Tuesday 21 November 2017

Former Dublin star Vinnie Murphy claims Mayo fans have created a culture where 'it's alright to be a loser'

Independent.ie Newsdesk

Independent.ie Newsdesk

Former Dublin footballer Vinnie Murphy believes the unconditional love Mayo fans seem to have for their players is weakening them.

The resilience of the Mayo team and supporters has been roundly praised during their nine-game journey to the All-Ireland final and another shot at ending their 66-year wait to lift Sam Maguire.

Writing in his column in today's Irish Daily Star, Murphy claimed that Mayo vociferous support was a negative for Stephen Rochford's charges.

"The Mayo players are put on a pedestal by their supporters," he said.

"They really appreciate what they've done for the county over the past seven years.

"That's great. That's fantastic but... there is a but.

"What if Aidan O'Shea, Keith Higgins, Colm Boyle, Cillian O'Connor etc were from Dublin or Kerry and trying to make the breakthrough?

"Anyone really think they'd get such an easy ride from supporters after losing so many All-Ireland finals?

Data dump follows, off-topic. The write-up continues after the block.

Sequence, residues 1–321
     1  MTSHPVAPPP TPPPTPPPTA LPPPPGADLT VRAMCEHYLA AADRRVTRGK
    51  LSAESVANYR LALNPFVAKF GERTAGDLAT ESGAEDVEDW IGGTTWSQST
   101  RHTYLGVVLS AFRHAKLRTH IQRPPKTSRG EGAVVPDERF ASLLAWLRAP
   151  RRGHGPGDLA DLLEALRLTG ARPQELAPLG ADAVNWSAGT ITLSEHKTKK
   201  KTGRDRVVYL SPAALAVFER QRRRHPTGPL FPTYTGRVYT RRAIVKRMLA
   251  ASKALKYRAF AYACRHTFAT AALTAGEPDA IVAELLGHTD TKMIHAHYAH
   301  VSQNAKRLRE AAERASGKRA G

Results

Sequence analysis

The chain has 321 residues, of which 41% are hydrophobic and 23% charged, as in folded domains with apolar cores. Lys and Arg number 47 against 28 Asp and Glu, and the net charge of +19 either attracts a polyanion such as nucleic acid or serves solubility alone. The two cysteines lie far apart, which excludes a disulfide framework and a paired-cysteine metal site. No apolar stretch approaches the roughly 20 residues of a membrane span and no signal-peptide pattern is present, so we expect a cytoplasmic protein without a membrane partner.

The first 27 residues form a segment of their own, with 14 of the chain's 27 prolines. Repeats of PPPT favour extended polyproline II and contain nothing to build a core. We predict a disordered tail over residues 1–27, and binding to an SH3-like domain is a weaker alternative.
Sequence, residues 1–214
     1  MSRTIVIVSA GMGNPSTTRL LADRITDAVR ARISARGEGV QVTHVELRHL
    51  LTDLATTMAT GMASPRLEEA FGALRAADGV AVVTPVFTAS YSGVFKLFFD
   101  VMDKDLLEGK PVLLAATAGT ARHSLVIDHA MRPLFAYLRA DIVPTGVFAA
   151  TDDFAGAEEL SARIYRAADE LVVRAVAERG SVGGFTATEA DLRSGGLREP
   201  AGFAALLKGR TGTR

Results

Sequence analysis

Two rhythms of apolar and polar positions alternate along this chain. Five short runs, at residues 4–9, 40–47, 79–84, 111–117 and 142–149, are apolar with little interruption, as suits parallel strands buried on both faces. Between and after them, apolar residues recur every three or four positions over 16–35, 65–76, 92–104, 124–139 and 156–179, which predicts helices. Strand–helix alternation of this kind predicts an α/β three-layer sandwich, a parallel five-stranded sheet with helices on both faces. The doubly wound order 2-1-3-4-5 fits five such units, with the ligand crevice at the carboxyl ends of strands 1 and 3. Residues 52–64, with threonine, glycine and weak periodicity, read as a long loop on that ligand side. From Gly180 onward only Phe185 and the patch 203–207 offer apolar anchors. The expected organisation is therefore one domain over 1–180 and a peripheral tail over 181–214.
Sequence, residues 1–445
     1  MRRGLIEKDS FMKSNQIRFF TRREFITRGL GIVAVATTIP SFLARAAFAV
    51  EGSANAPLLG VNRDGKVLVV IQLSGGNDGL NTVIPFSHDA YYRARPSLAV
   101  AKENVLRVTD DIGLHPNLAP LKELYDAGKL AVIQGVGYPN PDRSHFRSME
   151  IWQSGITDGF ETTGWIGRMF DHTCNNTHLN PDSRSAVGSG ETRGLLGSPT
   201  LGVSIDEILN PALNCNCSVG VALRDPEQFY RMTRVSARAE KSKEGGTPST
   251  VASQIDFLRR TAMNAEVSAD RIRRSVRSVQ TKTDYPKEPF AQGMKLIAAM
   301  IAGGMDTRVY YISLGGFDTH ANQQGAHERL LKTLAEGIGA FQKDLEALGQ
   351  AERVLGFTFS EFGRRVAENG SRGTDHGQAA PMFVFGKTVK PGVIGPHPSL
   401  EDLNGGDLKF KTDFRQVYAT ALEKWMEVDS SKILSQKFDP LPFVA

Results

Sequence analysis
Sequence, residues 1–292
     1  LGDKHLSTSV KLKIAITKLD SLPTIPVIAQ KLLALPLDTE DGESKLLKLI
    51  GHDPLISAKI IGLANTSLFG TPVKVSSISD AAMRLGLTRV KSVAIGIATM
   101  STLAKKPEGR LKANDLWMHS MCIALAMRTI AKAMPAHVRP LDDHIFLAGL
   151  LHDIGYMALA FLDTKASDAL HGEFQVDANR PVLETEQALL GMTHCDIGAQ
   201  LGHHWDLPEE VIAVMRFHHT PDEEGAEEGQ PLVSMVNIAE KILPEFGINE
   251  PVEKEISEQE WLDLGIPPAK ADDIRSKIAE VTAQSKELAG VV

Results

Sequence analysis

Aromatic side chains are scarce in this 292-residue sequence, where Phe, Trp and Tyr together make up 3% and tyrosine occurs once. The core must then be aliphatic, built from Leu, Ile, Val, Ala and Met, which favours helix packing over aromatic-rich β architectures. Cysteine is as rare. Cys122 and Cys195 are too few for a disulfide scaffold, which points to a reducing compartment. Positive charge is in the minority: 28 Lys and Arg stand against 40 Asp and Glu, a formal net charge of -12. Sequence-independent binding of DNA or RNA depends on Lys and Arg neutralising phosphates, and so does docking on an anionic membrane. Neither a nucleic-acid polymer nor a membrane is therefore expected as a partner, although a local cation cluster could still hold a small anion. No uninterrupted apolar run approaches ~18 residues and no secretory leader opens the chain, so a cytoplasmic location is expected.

"I think that seeps into your psyche. You're living in a culture where it's alright to be a loser. You're still a hero. That makes no sense to me.

"The Mayo supporters cushion the blow for the players, and I don't think that's a good thing.

"Remember the fuss after the late Paudí Ó Sé, when managing Kerry, likened the county's supporter's to the 'roughest f**king animals' you could deal with?

"I think that the tough love from their fans has helped Kerry over the years.

"Eamonn Fitzmaurice and his players would have got plenty of grief from them since losing to Mayo this summer.

"That's no bad thing. That toughens Kerry players up. That has often helped them get that ruthless edge."

Murphy has feels that a number of the senior players in the Mayo squad are wielding an unhealthy influence.

"Go back to the decision to drop David Clarke for the All-Ireland replay last year.

"There's reason to believe that some players had a part to play in that.

"Imagine a Dublin player going to Jim Gavin to make a case for a certain teammate starting. It would be a short conversation.

"The Dublin players' job is to pedal the bike as fast as they can. It's not for them to look up to steer the bike, Jim Does that."

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